The Art Inquirer is your source of news for the artist and the Art appreciator
Established in 2008

Wednesday, June 9, 2010

Birth of Impressionism: Masterpieces from the Musée d’Orsay at the de Young Museum and Impressionist Paris: City of Light at the Legion of Honor

An exhibition of nearly 100 paintings by famous impressionists, loaned by the Musée D'Orsay, his being held at the de Young Museum in San Francisco (USA)
From May 22 through September 6, 2010, visitors can appreciate the works from famous masters who lived in France during the mid -to -late 19th century and whose rose one of the most original and recognizable artistic stlyes: Impressionism.
Among other masterpieces, the Birth of Impressionism: Masterpieces from the Musée d’Orsay includes: Whistler’s Arrangement in Gray and Black - The Artist's Mother, famous under its colloquial name “Whistler’s Mother (1871), "Racehorses Before the Stands" by Edgar Degas (1866–1868), "Family Reunion" by Frédéric Bazille (1867), "Saint-Lazare Station" by Claude Monet (1877), "Snow at Louveciennes" by Alfred Sisley (1878) and "The Birth of Venus" by William-Adolphe Bouguereau (1879)

Concurrent with this exhibition, the Legion of Honor, San Francisco (USA) presents from June 5 to September 26, 2010 the special exhibition Impressionist Paris: City of Light, nickname earned during the 19th century with the proliferation of gas lamps that lit up the French capital.
Visitors will have the opportunity to explore the Impressionist Paris represented in more than 180 prints, drawings, paintings, photographs and illustrated books dating from 1850 to the early 1900s from the outstanding permanent collection of the Fine Arts Museums of San Francisco, as well as several notable private collections.
Curated by James A. Ganz, the Impressionist Paris: City of Light exhibition explores various aspects of Parisian society and the French art world from roughly 1850 to the turn of the 20th century, including picturesque views of old Paris by Charles Marville, Charles Meryon, and Johan Barthold Jongkind, as well as public and private views of the lively parisian society depicted by Edgar Degas, Pierre Bonnard, Edouard Vuillard, and Georges Seurat.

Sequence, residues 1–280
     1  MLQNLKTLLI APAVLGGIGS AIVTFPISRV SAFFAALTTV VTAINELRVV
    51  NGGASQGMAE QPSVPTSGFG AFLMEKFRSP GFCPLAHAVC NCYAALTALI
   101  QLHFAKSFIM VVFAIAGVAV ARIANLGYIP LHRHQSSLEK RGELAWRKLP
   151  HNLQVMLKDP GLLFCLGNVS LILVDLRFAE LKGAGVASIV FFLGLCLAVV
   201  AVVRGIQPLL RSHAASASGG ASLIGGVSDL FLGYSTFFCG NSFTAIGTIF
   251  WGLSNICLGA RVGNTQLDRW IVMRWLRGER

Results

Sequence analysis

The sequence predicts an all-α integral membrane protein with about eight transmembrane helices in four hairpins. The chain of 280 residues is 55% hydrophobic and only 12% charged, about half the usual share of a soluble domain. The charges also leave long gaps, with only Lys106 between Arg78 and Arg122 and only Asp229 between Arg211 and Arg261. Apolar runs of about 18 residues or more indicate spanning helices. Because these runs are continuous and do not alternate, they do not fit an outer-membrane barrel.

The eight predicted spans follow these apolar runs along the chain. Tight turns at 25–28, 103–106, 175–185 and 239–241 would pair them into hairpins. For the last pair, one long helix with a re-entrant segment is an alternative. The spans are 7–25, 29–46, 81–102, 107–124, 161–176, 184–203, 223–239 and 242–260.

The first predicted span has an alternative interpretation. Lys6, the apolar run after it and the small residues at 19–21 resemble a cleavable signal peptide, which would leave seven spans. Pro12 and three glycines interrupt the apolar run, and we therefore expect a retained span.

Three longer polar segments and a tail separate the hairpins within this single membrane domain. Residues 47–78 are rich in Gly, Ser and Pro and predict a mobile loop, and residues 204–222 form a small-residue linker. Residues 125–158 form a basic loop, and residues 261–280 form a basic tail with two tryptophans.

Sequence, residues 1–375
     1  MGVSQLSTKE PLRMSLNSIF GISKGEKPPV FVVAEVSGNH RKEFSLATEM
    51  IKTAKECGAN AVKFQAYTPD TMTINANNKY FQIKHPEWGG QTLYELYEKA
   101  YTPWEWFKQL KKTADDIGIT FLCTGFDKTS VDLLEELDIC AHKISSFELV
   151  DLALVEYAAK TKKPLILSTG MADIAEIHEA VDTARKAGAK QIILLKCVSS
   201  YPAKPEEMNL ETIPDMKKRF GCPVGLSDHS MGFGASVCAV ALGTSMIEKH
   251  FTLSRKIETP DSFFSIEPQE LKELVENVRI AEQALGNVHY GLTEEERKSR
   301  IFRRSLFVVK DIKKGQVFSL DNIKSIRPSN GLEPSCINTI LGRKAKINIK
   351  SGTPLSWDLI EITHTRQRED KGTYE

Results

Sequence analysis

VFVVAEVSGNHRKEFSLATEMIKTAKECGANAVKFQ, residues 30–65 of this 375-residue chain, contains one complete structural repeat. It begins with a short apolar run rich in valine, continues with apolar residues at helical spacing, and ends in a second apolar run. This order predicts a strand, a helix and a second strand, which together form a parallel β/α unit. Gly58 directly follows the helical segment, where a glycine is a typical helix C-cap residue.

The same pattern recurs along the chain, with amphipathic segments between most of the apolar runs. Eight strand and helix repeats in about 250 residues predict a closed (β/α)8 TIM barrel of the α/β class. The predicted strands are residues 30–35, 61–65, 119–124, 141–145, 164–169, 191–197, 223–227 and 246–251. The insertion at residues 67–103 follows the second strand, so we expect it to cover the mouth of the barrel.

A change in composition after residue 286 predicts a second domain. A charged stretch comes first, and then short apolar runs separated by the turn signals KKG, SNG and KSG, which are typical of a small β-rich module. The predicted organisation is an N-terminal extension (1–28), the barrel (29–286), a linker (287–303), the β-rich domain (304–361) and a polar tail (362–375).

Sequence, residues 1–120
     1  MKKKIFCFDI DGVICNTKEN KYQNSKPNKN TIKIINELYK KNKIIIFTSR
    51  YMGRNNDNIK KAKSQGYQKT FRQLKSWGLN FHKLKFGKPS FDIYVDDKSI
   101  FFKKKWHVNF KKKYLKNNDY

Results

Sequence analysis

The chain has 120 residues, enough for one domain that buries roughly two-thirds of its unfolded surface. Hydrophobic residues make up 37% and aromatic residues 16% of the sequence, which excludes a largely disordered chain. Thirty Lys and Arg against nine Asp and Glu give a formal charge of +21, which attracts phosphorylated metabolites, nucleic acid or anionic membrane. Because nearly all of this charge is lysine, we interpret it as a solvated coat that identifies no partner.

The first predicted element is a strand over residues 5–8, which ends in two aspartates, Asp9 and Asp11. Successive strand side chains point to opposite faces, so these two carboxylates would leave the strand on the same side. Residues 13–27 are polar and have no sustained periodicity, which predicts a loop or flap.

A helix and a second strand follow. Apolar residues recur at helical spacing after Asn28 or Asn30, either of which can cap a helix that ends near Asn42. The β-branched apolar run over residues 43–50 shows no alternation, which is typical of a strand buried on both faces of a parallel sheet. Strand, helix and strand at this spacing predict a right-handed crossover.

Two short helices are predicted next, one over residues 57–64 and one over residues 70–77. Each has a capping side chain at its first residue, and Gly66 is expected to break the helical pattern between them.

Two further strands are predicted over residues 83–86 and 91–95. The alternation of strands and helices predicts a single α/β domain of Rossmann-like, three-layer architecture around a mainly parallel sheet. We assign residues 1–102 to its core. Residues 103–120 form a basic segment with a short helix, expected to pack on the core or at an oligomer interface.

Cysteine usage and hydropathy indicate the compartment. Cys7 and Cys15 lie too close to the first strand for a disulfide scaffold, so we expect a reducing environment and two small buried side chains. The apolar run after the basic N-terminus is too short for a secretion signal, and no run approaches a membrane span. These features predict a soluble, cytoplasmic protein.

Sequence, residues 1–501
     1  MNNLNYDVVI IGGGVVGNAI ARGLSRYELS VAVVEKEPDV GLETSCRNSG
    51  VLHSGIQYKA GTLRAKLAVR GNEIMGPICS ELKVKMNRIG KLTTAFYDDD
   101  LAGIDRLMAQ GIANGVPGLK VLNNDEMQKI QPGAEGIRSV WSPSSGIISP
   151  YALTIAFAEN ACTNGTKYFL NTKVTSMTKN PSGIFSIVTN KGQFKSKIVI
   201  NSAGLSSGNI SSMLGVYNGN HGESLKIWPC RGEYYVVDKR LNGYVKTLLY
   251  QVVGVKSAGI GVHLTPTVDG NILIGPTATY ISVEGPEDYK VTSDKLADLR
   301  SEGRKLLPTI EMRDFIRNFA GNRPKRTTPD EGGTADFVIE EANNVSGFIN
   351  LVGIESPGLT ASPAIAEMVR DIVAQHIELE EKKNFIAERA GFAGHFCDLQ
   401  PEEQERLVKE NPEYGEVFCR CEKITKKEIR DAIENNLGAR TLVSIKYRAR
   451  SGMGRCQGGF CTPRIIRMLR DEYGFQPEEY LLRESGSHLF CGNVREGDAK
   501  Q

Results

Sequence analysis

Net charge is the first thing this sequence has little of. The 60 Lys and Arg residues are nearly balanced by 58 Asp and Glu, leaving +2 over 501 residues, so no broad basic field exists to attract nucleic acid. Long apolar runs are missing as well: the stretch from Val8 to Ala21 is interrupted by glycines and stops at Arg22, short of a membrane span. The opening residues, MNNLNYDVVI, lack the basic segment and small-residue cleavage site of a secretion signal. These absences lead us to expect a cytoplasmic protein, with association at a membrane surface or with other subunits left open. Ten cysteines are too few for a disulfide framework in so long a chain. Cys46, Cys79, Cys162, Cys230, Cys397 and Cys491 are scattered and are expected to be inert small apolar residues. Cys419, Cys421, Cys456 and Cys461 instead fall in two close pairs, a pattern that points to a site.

Prints and periodicals featuring the works of Honoré Daumier, Edouard Manet, Paul Signac, and James Tissot convey key historical events and emphasize the role of illustrated art journalism.
Included in the exhibiton are also black-and-white works on paper by Claude Monet, Camille Pissarro, Mary Cassatt, and Paul Gauguin.
Colorful images of the theater, café-concerts, circus, as well as the Expositions Universelles convey the popular entertainment in late 19th-century Paris.
The exhibition concludes with a selection of posters of the turn of the 20th century by Henri de Toulouse-Lautrec, Jules Chéret, Théophile Steinlen, and Alphonse Much.
A lecture entitled “Culture Clash: The Elephant and the Eiffel Tower” will be presented by James A. Ganz on Saturday, June 26 at 2:00 p.m.
Sunday live chamber music performances are scheduled for July 18, August 1, and August 15 from noon to 2:00 p.m. The chamber musical selections reflect the Impressionist era and are presented in partnership with San Francisco Friends of Chamber Music and Classical Revolution.
Stumble Upon Toolbar

1 comment:

Jo Castillo said...

José, this is wonderful info. I wish I could go! Hope you are doing well.